Nourishing, plain-spoken, and impossibly resonant, Two Days, One Night is a pared-down, socialist epic in miniature; a triumphant drama about workplace injustice, bullyboy tactics, and rallying self-worth that saddens as it informs. Scruffy, scrappy, and socially aware, it’s a working-class tale that’s as straightforward as a fired bullet with an exit wound the size of a grapefruit.
After a medical leave during which she was treated for depression, Sandra (Marion Cotillard, Midnight in Paris, Contagion, Rust and Bone) has returned to work to discover that the company has offered her co-workers a choice: if she is laid off, they will receive the €1,000 bonuses they have long been promised; if they give them up, she can keep her job. A vote has already been held among the 16 members of Sandra’s work team, but her boss agrees to a second ballot, giving Sandra a weekend – two days, one night – to persuade a majority of her colleagues to make a painful sacrifice on her behalf.
Two Days, One Night is a gravitational showcase for one of Cotillard’s finest performances. Desperate, downtrodden, grasping at each shred of hope, Cotillard oozes sadness from the seams, looking dwindled and drained, leached of allure by the unkind pallor of the lighting. Her shoulders slumped, her gait heavy, her eyes weary, Cotillard – who won an Oscar playing Edith Piaf in 2007’s La Vie en Rose – is a luminous pill-popping heroine. With her quiet air of embarrassment tinged with pride, Cotillard moves past naturalism into something hard to describe and impossible to doubt.
Like Sandra, the audience must absorb the emotional impact of each conversation. Most begin politely, but after the initial greetings, the reactions to Sandra’s pleas vary wildly. A man bursts into tears. A fistfight breaks out. A marriage comes undone. A blunt refusal is followed by a gracious offer. Much of the film relies on Cotillard’s jittery expressions as she veers from tentatively hopeful to despondent and back again, reflecting the ever-changing stability of job security among the lower classes. What especially matters is her willingness to conspire in writer-directors Jean-Pierre and Luc Dardenne’s plea for justice.
Enriched by signature qualities – the nonjudgmental gaze, the ultra-naturalistic style – that have always distinguished the Belgian brothers’ fine body of work, Two Days, One Night balances the trademark Dardennes social conscience with a conceit that plays out almost like a ticking-clock thriller, yet maintains an organic sensibility. If it just misses the utter anguish of L’enfant, Two Days, One Night is up there with Rosetta or The Son in its cast-iron purpose, taking us into the ecosystem of need.
Two Days, One Night delivers its message with clear-eyed compassion, rooted in a staggering sense of solidarity, a consciousness of community that lies at the heart of the Dardennes’ creative philosophy. Its directors once again find a richness of human experience that dwarfs most films made on an epic canvas. In a series of conversations, they offer up a microcosm of an entire population contingent, each vignette a universe all to itself. A Darwinian dissection of corporate politics and a soaring hymn to service and connection, Two Days, One Night makes us complicit in the moral crossroads, demands an opinion, and then upends that same opinion a few minutes later.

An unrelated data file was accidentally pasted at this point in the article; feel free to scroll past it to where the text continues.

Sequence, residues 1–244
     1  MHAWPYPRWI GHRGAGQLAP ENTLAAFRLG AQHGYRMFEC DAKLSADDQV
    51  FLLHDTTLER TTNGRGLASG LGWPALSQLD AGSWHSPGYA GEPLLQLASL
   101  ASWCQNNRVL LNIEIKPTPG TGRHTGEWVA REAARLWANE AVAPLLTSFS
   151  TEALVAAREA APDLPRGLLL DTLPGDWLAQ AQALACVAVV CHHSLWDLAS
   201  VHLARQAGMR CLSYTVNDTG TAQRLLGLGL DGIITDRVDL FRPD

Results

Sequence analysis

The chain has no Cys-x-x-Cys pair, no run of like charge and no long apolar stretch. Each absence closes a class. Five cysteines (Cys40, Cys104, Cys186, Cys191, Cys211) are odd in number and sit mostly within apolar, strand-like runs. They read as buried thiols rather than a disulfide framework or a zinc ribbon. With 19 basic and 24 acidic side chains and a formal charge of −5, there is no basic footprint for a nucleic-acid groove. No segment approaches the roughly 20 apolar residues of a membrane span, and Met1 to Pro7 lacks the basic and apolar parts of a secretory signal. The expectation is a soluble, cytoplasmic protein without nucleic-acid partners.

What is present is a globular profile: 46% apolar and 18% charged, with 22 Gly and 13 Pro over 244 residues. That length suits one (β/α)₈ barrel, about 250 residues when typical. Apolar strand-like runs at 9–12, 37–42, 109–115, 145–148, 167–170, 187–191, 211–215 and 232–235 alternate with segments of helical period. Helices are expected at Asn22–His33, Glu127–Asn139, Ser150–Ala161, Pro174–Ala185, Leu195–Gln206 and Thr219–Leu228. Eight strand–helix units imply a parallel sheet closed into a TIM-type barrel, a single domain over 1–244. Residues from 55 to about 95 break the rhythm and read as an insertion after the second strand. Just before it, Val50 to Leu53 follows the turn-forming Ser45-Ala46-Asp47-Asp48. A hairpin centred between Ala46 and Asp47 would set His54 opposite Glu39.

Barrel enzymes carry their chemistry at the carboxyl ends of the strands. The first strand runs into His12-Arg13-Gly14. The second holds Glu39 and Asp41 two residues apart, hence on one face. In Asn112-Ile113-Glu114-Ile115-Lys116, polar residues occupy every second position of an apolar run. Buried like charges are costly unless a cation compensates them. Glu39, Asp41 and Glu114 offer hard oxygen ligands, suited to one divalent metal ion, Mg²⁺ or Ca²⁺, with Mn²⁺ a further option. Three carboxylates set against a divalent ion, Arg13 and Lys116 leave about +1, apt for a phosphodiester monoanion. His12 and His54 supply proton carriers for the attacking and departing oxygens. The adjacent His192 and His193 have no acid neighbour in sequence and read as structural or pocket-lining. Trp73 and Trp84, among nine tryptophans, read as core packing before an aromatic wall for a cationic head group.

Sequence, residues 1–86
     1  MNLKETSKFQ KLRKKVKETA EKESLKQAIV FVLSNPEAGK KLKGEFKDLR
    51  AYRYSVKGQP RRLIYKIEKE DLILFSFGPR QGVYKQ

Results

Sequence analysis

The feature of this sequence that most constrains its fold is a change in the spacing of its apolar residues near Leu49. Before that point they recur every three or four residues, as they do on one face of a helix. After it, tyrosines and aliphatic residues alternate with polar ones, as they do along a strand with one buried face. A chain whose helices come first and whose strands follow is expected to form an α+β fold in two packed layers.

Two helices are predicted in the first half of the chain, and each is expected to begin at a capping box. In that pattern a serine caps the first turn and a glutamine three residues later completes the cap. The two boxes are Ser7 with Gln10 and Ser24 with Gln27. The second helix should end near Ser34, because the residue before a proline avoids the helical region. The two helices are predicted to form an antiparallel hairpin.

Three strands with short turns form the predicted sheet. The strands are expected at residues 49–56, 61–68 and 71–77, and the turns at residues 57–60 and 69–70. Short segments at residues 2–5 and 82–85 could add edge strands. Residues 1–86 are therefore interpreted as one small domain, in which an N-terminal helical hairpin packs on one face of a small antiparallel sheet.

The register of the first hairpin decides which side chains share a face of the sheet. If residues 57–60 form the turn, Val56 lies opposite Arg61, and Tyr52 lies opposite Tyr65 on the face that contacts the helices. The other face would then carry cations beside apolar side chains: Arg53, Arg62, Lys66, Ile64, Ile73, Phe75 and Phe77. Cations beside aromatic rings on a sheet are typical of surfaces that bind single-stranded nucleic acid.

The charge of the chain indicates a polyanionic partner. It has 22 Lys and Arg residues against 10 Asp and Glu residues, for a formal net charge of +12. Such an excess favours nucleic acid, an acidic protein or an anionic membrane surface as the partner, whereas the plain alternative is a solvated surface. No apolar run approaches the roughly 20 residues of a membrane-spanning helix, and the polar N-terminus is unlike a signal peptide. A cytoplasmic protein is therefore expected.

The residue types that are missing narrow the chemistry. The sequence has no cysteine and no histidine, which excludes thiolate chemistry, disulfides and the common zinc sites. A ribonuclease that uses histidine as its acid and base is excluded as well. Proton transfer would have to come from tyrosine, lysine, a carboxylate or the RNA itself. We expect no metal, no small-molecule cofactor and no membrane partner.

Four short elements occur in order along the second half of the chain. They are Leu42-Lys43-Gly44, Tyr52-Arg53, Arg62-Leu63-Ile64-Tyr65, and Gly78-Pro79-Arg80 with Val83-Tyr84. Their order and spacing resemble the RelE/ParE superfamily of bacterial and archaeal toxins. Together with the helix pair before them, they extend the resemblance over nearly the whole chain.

Bristling with peril and alive to every flicker of human decency, Two Days, One Night is tough, thoughtful, and truthful, a rare film of unforced simplicity that will stick with you for a long time. Paced like a joke, but playing like a prayer, it’s so purely humane that it makes most attempts at audience uplift look crass and calculated by comparison.
As hugely admirable and superbly composed as we have come to expect from the Dardennes, Two Days, One Night is nothing provocative and nothing new in their canon, and the premise feels more manufactured for allegorical reasons than their previous features. There are unnecessary melodramatic hiccups in the second half that disturb the deceptively taut, honed narrative, perhaps the most sculpted screenplay of the Dardennes’ careers.
But the perfectly judged conclusion accomplishes a similar feat to 2013’s Cotillard-starring Cannes contender The Immigrant: the Dardennes embrace a somersault as their dismount, closing off a broken woman’s journey back to herself. It reinforces a battered, hard-won sense of optimism and an unlikely vision of hope while side-stepping a happy ending that would have rung entirely false. Instead, Two Days, One Night retains the ambiguity of an ethical thought experiment, the interpretive open-endedness of a parable, and the limpid clarity of a folk ballad.
The chasm of the wealth gap and the slow destruction of the middle class should matter to all citizens, the principle of “less is more” to all filmmakers. If Two Days, One Night is the most effective vehicle in months to bring home both lessons simultaneously, so be it. What’s even more certain, with every one of Cotillard’s performances, is that we’re looking at a legendary actress emerging before our eyes.